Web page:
Diversity and pluralism are the basis of journalistic credibility, as is competition between public and private media outlets, says Mathias Döpfner, president of the Federation of German Newspaper Publishers (BDZV).
We are living in confusing and uncertain times. The world order seems to be disintegrating. Europe and the US are growing apart. China is striving for global domination. Russia's behavior is becoming increasingly outrageous. Islamists are assaulting open society. Populists are on the rise from London to Budapest. Artificial intelligence could make humans servants of algorithms. A virus has put the world in a state of emergency and occasionally brought it to a standstill.
In such times, thoroughly researched, truthful information becomes more and more important — a historic opportunity for journalism. During all this, our business model has been changing from an analog one to a digital one. This transformation is great, but it confronts many publishers with existential challenges.
The future of independent journalism — or, to be more precise, of "independence" and "journalism" — is at stake. We often use these two words naturally. After all, provided we stay within the bounds of the law, all of us in Germany can write what we want. But this does not mean that we actually do so. The influences and pressures we come under are sometimes subtle. So, what goes toward making journalism independent?
In my view, there are few prerequisites, but these few are essential. First, there must be a willingness to take on those in power. Over the past decades, many people have risked or lost their freedom, their careers and, not least, their lives for having sought the truth and for having the courage to call social injustices by their name.
Those of us who can do our reporting from the comfort of a country under the rule of law have a particular obligation to fight for the right of journalists to do their work freely and without risk to their health or lives. In 2018, 63 journalists were killed. In 2019, that number was 38. It is well worth fighting for this goal. But 38 is still 38 too many! And, unfortunately, I am not sure that things will get more positive for journalists in future.
Secondly, being truly independent requires financial independence. Private financing and a sound business model are essential features of independent journalism. Only they can guarantee diversity. Only when financial incentives encourage as many business people as possible to invest in journalism can there be diversity and competition.
Read more: How to fund investigative journalism
Closeness and distance
Journalism involves a constant juggling act with regard to closeness and distance to the centers of power. Journalists have to be close to politics and political events so they can see things clearly. But they also have to be able to detach themselves to look at things from a distance. Both points of view are important. But where the financing of private media outlets is concerned, we cannot be far enough away from state institutions.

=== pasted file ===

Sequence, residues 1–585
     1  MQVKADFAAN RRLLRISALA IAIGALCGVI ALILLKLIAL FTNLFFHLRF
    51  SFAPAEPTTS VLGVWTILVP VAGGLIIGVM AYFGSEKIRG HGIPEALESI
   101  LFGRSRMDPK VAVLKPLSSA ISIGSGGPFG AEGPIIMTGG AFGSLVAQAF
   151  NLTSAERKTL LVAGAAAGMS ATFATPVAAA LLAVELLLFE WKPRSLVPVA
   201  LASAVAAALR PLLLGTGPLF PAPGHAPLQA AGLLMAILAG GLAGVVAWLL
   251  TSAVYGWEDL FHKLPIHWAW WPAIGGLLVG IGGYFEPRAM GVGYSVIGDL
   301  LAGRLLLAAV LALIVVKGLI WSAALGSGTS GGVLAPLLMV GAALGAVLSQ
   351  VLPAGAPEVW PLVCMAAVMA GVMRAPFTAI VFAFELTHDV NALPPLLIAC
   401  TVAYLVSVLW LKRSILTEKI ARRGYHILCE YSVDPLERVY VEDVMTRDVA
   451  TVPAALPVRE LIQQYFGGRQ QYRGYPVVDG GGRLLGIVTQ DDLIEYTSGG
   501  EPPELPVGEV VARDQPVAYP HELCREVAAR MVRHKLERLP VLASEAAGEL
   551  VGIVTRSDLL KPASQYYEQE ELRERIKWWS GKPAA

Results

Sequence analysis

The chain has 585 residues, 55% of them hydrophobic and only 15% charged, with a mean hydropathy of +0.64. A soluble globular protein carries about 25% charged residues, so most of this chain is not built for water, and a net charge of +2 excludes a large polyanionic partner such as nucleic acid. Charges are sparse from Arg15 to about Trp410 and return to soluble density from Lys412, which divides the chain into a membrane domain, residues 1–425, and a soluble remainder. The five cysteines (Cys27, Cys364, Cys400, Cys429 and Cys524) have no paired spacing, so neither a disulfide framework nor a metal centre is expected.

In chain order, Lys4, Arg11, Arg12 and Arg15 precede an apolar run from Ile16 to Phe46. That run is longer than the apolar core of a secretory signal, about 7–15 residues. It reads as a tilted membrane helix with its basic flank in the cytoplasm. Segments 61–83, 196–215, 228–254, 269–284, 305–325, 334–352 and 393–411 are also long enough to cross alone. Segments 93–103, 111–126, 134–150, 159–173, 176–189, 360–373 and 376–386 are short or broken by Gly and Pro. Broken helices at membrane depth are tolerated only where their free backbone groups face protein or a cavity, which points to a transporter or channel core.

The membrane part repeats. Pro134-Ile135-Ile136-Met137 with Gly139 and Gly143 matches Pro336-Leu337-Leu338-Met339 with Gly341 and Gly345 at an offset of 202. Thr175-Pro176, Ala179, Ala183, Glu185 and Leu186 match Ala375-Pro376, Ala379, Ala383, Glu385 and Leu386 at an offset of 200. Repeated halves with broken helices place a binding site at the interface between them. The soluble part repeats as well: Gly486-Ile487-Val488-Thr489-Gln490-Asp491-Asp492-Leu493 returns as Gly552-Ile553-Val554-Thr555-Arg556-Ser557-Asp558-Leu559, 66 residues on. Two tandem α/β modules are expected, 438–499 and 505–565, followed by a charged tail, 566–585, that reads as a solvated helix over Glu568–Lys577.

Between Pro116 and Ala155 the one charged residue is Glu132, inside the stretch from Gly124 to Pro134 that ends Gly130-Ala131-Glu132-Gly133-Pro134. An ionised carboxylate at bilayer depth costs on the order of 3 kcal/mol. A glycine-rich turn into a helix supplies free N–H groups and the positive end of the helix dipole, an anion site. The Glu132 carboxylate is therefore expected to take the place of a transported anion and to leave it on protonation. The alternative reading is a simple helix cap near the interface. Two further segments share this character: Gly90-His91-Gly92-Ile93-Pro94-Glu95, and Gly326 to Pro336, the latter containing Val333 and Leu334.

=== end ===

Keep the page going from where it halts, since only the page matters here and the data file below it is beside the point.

Thirdly, true independence requires diversity. This diversity fulfills two functions. To start with, for clarifying facts it is essential to have journalistic competition for the best story, as well as a range of different voices with their various points of view and comments. Competition between different media outlets is the only effective formula for combating fake news, propaganda and manipulation.
Media diversity also protects the freedom of the press as a whole. Politicians may take action against individual media outlets when they don't like a particular report, but they can't muzzle an entire industry. In other words, the more robust journalistic outlets there are, the smaller the possibilities will be for the state to put pressure on each individual one of us.
For our newspapers to be independent and diverse, we need a level playing field. This is particularly the case with regard to the big media platforms. It must never be the case that two or three global platforms replace the infrastructure of thousands of smaller publishers and determine what millions of customers get to read, what is right and what is wrong, and what is good and what is bad.
Regulation of platforms
In recent days, discussions in the political sphere about the role of big platforms have become more and more frequent and increasingly critical. And the tone of these discussions is changing.
The question is now frequently not whether these market-dominating companies should be broken up, but when and how. In my opinion, that can be only the last measure. And it does not need to be. We publishers just want healthy, successful players in a fair and working media ecosystem.
For this reason, a better, more modern and more agile form of regulation is needed that can meet the challenges of digitization. This includes both an implementation of the EU copyright reform directive that is faithful to its wording, and the effective regulation of platforms.
I am firmly convinced that if critical journalism continues to play an influential role in our society, if journalism stays financially healthy and detached from the state and if media can keep working independently, problems ranging from those of global geopolitics to the apparent omnipotence of artificial intelligence can be solved.
Then, the greatest achievement of modernity — open society based on the rule of law and human rights — will triumph.
Mathias Döpfner is the president of the Federation of German Newspaper Publishers (BDZV), the umbrella organization of German newspaper publishers. He is also the CEO of Axel Springer SE. This op-ed is a shortened version of a speech he gave to the BDZV-Congress this year on September 15.